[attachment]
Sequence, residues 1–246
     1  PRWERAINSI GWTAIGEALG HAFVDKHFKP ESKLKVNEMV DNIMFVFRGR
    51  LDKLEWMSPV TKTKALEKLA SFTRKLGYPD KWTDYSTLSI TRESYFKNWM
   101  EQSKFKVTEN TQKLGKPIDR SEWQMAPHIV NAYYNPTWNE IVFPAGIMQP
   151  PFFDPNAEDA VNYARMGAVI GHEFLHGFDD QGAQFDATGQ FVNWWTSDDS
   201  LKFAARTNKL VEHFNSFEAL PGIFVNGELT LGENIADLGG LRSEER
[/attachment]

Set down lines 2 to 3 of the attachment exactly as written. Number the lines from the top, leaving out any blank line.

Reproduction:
     1  PRWERAINSI GWTAIGEALG HAFVDKHFKP ESKLKVNEMV DNIMFVFRGR
    51  LDKLEWMSPV TKTKALEKLA SFTRKLGYPD KWTDYSTLSI TRESYFKNWM